Taking note of the "alarming increase" in the number of candidates having criminal antecedents in the last four general elections, the Supreme Court on Thursday directed all the political parties to upload on their websites within 48 hours the details of criminal cases against their candidates upon clearing the name.
A three-judge bench headed by Justice Rohinton F Nariman directed the national and state political parties to also give reasons as to why they preferred a person with the criminal antecedent in Lok Sabha and Assembly elections.
The court's direction came on a contempt petition filed by advocate Ashwini Upadhyay, which sought action against the authorities and parties for not complying fully with a September 2018 judgment of a Constitution Bench, which had directed political parties to publish online the pending criminal cases of their candidates.
Parties are also directed to publish the reason for the selection of candidates, including their merits and achievements, besides winnability. They have to also justify why they couldn't set up clean candidates, the apex court said in its verdict.
The Bench further directed the political parties to upload the information in this regard on their social media platforms like Twitter and Facebook as well as publish them in local newspapers. The Court said that information should contain the nature of crime and the stage of trial and investigation in the case.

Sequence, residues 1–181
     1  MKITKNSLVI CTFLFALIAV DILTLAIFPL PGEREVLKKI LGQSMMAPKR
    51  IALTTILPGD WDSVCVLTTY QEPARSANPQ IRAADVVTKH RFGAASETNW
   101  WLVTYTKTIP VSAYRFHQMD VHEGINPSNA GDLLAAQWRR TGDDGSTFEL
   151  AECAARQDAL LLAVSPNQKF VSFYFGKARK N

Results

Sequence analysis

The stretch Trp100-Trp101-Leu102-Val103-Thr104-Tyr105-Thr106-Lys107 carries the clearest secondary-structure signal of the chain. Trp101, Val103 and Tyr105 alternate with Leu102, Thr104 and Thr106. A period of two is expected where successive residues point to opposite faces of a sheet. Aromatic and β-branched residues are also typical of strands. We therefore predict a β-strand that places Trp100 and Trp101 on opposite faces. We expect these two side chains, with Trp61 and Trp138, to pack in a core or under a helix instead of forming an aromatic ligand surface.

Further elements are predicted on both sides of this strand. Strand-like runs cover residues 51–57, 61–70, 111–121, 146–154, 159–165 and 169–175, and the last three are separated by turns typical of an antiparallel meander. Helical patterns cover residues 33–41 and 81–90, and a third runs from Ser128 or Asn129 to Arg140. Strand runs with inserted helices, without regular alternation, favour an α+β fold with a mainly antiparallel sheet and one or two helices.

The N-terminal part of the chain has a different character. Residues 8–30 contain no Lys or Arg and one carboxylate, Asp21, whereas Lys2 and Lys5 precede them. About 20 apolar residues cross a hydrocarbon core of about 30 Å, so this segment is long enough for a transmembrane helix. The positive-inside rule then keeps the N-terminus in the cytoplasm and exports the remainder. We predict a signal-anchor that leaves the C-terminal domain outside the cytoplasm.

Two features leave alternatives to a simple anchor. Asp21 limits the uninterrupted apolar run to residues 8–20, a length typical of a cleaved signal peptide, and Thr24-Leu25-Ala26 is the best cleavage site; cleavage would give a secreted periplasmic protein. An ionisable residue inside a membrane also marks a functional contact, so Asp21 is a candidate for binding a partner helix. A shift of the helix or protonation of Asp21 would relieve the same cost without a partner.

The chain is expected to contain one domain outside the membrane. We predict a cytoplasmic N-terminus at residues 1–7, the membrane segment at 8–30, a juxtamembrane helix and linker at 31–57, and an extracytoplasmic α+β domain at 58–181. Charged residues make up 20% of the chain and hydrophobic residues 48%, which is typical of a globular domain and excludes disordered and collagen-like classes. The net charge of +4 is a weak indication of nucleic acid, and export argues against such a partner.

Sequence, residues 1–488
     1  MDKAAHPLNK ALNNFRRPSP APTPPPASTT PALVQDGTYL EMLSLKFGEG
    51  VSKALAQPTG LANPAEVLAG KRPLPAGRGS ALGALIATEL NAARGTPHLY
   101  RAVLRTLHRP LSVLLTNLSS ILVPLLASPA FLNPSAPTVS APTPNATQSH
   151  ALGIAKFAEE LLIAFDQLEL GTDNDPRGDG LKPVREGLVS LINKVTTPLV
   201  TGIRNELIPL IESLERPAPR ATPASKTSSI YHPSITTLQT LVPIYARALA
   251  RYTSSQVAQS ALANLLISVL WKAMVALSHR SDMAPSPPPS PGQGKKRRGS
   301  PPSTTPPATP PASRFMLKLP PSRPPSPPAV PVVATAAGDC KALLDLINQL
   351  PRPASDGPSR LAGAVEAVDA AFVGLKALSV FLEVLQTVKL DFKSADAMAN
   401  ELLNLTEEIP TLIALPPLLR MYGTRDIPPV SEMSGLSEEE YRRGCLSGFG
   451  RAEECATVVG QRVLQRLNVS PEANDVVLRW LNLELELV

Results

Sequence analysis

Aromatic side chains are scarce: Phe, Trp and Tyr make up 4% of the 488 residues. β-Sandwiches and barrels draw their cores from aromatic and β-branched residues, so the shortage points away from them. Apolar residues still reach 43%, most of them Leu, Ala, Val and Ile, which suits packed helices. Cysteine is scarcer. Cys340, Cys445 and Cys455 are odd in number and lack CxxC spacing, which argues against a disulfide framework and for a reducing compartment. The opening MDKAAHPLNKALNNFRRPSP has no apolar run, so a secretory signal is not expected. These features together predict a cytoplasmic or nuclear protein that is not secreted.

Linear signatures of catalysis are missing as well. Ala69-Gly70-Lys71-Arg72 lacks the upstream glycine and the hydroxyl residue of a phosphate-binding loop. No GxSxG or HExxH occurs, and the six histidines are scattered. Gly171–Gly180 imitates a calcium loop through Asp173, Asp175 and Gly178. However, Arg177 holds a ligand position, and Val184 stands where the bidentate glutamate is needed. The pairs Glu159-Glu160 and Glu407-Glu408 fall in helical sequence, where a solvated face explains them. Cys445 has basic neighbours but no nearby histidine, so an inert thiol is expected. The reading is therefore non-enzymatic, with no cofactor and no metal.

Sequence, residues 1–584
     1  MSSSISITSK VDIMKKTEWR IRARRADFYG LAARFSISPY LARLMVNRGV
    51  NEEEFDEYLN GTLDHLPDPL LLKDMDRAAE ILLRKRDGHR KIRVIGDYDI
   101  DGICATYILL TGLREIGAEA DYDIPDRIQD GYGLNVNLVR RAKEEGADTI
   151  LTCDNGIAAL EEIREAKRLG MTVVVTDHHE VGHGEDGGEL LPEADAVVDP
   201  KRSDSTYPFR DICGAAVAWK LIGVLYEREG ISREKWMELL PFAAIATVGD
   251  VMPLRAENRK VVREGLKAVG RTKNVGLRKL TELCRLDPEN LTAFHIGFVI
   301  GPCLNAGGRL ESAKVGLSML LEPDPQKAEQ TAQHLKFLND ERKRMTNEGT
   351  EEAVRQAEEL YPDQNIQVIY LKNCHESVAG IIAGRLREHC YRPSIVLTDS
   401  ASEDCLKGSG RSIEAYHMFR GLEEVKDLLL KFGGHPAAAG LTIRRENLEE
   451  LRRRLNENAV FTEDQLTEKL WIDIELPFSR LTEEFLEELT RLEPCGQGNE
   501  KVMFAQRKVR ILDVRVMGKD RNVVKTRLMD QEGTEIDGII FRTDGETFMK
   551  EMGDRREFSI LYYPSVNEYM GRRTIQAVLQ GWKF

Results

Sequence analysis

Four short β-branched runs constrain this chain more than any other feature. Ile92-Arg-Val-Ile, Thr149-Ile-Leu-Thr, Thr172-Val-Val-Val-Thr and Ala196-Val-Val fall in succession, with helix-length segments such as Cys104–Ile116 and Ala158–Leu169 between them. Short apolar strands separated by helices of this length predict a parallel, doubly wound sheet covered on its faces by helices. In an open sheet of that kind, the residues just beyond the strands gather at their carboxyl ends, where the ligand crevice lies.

The top court directed that all political parties must submit compliance reports to the Election Commission within 72 hours of selecting the candidate with pending criminal cases, failing to which will result in a contempt action. It also asked the EC to follow up on the matter.
Recently, the EC had made a proposition before the apex court to ask political parties to not give the ticket to those with criminal antecedents.
Election Commission and petitioner Upadhyay had submitted to the apex court a framework jointly prepared as 'Criminal Antecedents of Candidates (Reporting and Publication) Order, 2020'.
The proposal submitted by them has mandated rejection of the nomination of candidates and suspension of the symbol of political parties.
It noted that there has been an alarming increase in the incidence of criminals in politics. In 2004, 24 per cent MPs had criminal cases pending against them, while in 2009 it reached 30 per cent. In 2014 the number went up to 34 percent and in 2019 it reached 43 per cent.
The five-judge Constitution Bench in 2018 judgment had requested the Parliament to bring a "strong law" to cleanse political parties of leaders facing trial for serious crimes.
The top court had said that the rapid criminalisation of politics cannot be arrested by merely disqualifying tainted legislators but "should begin by cleansing the political parties".
The Supreme Court in 2018 had suggested that Parliament should frame a law that makes it obligatory for political parties to remove leaders charged with "heinous and grievous" crimes like rape, murder and kidnapping, and other offenses, and refuse ticket to offenders in both parliamentary and Assembly polls.
It had also issued guidelines, including that both the candidate and the political party should declare the criminal antecedents of the candidate in widely-circulated newspapers and electronic media as well....